​Kantha Embroidery Empowers Women

Posted by Angie Brown on 27th Feb 2019

A highlight for out trip to Kolkata, India was time spent with Shamlu Dudeja, the founder of Self Help Enterprise (SHE), a nonprofit that empowers women through embroidery.

Shamlu, a math educator and textbook writer by profession, has worked with rural women to train and support them to produce exquisite Kantha embroidery pieces. She has worked tirelessly for more than 30 years to sell these pieces in both the Indian and global market.

Shamlu and SHE have done much to keep the traditional Bengali art of Kantha embroidery alive. The hallmark of Kantha embroidery is the uniform in size, often tiny, of the overall running stitch.

The detailed and delicate embroidery pattern gives the pieces a dimension that is never boring. The materials and color combinations render some pieces formal and elegant and other pieces perfect for every day, casual wear.

Shamlu’s presence is captivating. She is gracious, perceptive and light-hearted. At 80+, she remains steadfast in her commitment to finding ways to help the women in her nonprofit. "Traditional sewing gives these women hope," said Shamlu.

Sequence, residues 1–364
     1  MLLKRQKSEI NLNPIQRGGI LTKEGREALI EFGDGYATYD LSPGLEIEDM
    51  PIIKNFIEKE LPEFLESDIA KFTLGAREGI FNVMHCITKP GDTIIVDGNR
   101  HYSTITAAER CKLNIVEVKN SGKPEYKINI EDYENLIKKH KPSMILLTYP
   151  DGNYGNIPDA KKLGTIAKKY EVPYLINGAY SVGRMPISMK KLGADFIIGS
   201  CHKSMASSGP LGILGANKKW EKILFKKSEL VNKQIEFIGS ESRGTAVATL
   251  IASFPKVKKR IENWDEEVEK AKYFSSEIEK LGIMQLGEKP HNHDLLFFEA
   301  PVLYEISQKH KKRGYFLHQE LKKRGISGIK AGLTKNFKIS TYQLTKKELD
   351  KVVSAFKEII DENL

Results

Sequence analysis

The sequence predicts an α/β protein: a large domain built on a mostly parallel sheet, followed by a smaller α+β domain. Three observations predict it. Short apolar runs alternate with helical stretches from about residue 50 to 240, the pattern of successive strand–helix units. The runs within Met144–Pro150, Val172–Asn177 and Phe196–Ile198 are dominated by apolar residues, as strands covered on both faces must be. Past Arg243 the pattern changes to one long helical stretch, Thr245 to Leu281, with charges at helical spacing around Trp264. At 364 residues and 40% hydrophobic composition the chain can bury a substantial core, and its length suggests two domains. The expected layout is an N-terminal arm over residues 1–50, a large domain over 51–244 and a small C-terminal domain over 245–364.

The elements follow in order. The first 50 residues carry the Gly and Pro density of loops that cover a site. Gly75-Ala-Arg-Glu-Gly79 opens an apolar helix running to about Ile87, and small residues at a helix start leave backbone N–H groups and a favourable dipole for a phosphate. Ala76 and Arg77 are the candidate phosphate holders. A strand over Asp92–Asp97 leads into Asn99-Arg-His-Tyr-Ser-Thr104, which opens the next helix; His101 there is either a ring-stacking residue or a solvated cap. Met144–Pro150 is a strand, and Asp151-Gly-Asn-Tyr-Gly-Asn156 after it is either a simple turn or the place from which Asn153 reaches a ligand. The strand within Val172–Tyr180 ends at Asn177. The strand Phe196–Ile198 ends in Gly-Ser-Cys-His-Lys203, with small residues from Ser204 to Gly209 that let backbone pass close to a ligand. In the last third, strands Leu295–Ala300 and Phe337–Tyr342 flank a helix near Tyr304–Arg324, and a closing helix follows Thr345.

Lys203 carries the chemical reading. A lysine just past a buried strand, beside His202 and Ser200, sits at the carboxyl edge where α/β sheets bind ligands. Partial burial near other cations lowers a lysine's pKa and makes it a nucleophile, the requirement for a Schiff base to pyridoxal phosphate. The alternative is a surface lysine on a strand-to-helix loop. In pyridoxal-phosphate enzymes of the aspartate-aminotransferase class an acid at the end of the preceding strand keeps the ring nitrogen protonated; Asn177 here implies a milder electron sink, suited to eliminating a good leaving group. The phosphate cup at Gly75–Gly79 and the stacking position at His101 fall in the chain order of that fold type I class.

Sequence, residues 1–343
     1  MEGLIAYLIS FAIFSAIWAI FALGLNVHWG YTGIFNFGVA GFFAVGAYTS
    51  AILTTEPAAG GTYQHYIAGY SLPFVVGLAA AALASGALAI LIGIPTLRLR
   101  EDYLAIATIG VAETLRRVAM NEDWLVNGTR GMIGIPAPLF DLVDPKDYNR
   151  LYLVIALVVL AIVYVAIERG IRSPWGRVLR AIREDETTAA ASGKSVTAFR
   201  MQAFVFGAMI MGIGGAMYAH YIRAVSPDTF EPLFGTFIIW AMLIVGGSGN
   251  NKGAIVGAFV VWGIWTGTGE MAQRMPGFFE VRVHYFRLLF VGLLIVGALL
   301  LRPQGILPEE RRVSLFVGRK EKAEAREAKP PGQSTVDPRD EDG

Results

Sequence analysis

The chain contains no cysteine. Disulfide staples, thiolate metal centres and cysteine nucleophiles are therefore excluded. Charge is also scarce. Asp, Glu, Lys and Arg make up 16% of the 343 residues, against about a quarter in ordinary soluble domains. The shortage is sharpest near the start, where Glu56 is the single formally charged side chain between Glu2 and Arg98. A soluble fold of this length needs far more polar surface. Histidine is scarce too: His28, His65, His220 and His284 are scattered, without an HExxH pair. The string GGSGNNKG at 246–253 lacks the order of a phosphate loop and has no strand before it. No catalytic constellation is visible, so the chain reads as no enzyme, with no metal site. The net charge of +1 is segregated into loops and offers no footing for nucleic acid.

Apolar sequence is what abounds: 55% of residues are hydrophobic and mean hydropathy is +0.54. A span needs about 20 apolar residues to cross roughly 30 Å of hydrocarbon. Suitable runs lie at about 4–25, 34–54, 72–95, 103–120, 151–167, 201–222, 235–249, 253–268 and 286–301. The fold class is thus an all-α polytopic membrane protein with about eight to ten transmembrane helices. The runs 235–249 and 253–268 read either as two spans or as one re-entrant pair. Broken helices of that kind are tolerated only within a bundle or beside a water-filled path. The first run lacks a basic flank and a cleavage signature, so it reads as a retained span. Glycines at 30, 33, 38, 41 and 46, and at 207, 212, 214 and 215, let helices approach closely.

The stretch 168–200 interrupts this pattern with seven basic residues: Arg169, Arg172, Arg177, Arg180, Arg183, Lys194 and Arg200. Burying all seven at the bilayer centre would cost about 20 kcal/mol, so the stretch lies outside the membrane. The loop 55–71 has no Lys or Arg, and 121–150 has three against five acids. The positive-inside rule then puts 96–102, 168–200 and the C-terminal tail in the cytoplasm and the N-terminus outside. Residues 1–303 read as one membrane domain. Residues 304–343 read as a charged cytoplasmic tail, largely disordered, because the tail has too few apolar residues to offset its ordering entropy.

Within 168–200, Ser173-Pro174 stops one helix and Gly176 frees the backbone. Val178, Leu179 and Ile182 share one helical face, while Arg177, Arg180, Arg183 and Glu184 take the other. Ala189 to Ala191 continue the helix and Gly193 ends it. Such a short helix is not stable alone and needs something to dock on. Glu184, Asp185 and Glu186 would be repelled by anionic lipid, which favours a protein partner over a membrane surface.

She oversees the training and development of the women as well as designing the scarves, shawls, saris and home decor that sell around the world. Over the years, the group has experimented with different fabrics, added fashion colors to the line and SHE now produces clothing in western styles, too. The Kantha stitch, however, remains constant on every piece.

We first met Shamlu at the Santa Fe International Folk Art Market where SHE’s Kantha embroidery is celebrated for its beauty. In 2018 Shamlu's work was recognized when she received the 2018 IFAM Community Impact Award for empowering more than 800 women embroidery artisans.

Her model is simple. She pays the women 50% of the revenue for making the piece; she provides the raw materials. She puts 25% into a foundation that funds projects in the villages such as providing clean water and combating malaria and the remaining 25% covers overhead.

When asked "Why have you focused so much on empowering women? What does empowerment do for women?" She paused then quietly responded saying "When the mother is empowered, the family is empowered. When the family is empowered, the village is empowered and when the village is empowered, the country is empowered.”

Click here and see more of the work from SHE.

Join our friends at the Textile Center for an excursion to the International Folk Art Market in Santa Fe, New Mexico July 11-14 2019. Check it out! While at the Market, meet up with Jody & Mary Anne and the women of Multicolores, the group of Maya women they trained in the art of rug hooking. (Read their story: Rug Money How A Group of Maya Women Changed Their Lives Through Art and Innovation.)